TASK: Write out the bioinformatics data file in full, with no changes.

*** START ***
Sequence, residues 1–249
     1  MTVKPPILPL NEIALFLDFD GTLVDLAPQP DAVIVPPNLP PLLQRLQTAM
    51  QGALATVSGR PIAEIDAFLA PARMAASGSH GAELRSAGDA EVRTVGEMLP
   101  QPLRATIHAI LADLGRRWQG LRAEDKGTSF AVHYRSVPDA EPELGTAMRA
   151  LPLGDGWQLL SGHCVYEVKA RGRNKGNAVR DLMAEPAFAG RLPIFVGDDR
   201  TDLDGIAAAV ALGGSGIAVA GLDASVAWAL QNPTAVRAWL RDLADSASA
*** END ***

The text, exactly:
Sequence, residues 1–249
     1  MTVKPPILPL NEIALFLDFD GTLVDLAPQP DAVIVPPNLP PLLQRLQTAM
    51  QGALATVSGR PIAEIDAFLA PARMAASGSH GAELRSAGDA EVRTVGEMLP
   101  QPLRATIHAI LADLGRRWQG LRAEDKGTSF AVHYRSVPDA EPELGTAMRA
   151  LPLGDGWQLL SGHCVYEVKA RGRNKGNAVR DLMAEPAFAG RLPIFVGDDR
   201  TDLDGIAAAV ALGGSGIAVA GLDASVAWAL QNPTAVRAWL RDLADSASA